Amazon is committed to providing access to computer science education for 2 million students, across almost 8,000 U.S. schools, by the end of the 2022–2023 academic year.
Through Amazon Future Engineer, Amazon aims to inspire millions of students from underserved and historically underrepresented communities to pursue science, technology, engineering, and math (STEM) careers. The program helps students build skills in computer science and coding, preparing them to obtain jobs that will be in high-demand in the near future.
A photo of an instructor assisting a student who is sitting at a desk, working on a laptop device.Amazon volunteers mentor students on building coding skills.
Nearly all Amazon Future Engineer schools serve a student body with a significant percentage of students from historically underrepresented communities in the technology industry. Further, more than 80% are Title I eligible, indicating a high percentage of the school’s students come from families who need financial assistance.
While the Amazon Future Engineer program has made tremendous progress since it began in 2019, studies show that only about half of U.S. high schools offer computer science courses. Rural, urban, and economically disadvantaged schools with Black, Indigenous, and people of color (BIPOC) students are even less likely to offer the curriculum.
“Every young person should have equitable access to the education they need to reach their full potential,” said Victor Reinoso, global director of philanthropic education initiatives at Amazon. “At Amazon, we are committed to creating a diverse pipeline of tech students and hiring homegrown talent to help keep our communities strong for years to come.”
A photo of students in a classroom, sitting at a desk that surrounds a projector and faces a screen, listening to an instructor.Amazon Future Engineer Class Chats help students explore computer science through real-world experiences.
Amazon Future Engineer increases student access to computer science education in three ways:
  • Funds high-quality computer science curriculum and educator professional learning to help school districts implement sustainable K–12 computer science initiatives. As part of this effort, Amazon funds the development of customized curriculum that accounts for the unique cultural perspectives, interests, and experiences of Black, Latino, Native American (BLNA) students. For instance, Amazon Future Engineer committed $2.25 million to support Indigenous schools in accessing culturally responsive computer science curriculums.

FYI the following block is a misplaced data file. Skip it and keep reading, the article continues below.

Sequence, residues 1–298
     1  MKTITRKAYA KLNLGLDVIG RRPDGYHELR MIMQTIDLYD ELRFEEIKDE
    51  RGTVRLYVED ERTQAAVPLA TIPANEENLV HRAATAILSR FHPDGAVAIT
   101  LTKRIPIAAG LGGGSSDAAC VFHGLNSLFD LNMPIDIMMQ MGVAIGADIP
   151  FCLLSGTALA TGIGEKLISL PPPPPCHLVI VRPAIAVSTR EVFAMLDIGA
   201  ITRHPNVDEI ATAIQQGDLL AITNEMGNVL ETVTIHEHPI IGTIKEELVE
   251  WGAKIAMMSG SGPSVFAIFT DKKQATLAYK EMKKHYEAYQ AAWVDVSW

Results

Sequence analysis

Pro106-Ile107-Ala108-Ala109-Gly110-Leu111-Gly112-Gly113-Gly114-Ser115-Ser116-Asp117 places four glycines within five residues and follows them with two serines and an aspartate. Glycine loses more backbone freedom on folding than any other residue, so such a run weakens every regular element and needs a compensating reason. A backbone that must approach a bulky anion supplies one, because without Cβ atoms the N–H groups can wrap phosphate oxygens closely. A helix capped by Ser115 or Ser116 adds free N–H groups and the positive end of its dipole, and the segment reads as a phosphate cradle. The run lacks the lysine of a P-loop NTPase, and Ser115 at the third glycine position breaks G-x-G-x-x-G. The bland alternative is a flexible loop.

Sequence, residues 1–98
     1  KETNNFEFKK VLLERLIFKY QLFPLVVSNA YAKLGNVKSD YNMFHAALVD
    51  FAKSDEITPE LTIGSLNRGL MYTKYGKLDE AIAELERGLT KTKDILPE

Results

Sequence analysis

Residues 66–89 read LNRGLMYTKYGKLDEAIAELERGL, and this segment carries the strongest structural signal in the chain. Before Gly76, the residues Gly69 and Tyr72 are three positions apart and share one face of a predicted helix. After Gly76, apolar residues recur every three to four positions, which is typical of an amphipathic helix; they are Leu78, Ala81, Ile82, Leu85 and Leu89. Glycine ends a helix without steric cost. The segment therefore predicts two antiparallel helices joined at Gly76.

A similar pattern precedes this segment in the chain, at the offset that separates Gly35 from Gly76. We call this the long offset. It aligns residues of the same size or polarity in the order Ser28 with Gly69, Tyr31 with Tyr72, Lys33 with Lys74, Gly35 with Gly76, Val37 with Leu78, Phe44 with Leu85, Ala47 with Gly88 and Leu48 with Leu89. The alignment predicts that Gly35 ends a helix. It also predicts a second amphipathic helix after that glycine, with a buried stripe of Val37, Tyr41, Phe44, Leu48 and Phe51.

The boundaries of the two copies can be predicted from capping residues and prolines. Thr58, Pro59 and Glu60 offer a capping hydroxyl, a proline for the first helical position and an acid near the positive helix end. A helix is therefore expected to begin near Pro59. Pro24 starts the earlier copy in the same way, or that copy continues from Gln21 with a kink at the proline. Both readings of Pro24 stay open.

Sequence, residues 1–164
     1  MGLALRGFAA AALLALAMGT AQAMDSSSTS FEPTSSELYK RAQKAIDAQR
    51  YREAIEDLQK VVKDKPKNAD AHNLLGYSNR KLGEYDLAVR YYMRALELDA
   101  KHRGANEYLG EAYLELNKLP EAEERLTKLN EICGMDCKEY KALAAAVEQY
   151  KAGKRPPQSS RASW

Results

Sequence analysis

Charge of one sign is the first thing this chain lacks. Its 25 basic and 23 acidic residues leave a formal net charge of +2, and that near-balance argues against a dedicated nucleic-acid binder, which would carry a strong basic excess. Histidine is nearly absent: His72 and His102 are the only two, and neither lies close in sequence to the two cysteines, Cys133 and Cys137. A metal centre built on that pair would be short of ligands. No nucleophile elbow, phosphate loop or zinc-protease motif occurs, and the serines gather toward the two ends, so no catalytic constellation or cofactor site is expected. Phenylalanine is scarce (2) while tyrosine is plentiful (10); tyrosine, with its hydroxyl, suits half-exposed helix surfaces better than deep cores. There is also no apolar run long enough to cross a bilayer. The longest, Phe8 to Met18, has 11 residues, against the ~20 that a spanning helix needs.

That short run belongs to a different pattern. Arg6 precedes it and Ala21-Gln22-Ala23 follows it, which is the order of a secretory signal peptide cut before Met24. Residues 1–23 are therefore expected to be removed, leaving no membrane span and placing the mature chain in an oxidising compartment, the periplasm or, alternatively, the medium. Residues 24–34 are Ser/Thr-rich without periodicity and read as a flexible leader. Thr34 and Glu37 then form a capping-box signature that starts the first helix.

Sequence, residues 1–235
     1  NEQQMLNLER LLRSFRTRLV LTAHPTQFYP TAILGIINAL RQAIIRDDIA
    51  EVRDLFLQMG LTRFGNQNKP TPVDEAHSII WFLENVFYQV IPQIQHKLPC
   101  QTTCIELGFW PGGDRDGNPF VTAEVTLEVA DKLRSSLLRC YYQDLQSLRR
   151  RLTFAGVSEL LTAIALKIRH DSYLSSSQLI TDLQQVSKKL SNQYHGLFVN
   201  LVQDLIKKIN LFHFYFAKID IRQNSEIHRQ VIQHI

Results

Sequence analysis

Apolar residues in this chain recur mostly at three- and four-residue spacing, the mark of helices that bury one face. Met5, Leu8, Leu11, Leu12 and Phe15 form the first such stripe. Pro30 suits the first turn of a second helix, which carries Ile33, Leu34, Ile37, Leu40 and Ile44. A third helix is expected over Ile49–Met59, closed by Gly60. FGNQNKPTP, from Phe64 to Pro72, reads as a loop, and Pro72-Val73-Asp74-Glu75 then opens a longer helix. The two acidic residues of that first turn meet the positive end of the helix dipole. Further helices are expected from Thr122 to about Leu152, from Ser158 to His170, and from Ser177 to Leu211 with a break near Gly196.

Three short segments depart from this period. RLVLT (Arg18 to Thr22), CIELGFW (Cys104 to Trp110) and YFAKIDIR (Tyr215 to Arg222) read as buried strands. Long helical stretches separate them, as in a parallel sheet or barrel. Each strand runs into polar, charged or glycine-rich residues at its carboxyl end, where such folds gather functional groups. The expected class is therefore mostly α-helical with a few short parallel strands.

• Offers virtual class chats, career tours, and project-based learning modules that bring role models to classrooms to help students explore computer science through real-world experiences.
  • Provides college scholarships, paid internships, and industry mentors, so students can conceptualize their path forward in the industry.
"Our partnership with Amazon represents a shared commitment to increase access to equity-driven initiatives that will help close digital learning gaps by ensuring computer science opportunities for students in all communities,” said Lien Diaz, interim executive director and board member of BootUp PD, a nonprofit professional development provider specializing in elementary school education. “It is the first ongoing national sponsorship focused on implementing sustainable, districtwide computer science. We’re extremely proud to be a part of something that will have a measurable, positive impact for decades to come.”
A photo of three students sitting at their desks, working on laptop devices.Students learn to use code to make music, program robots, and solve problems.
Amazon Future Engineer is currently available in Canada, France, Germany, India, the UK and U.S. In 2022, the program reached 3.2 million students from underrepresented communities globally with real-world-inspired virtual and hands-on computer science project learning.
Learn more about Amazon Future Engineer, Amazon's childhood-to-career computer science education program.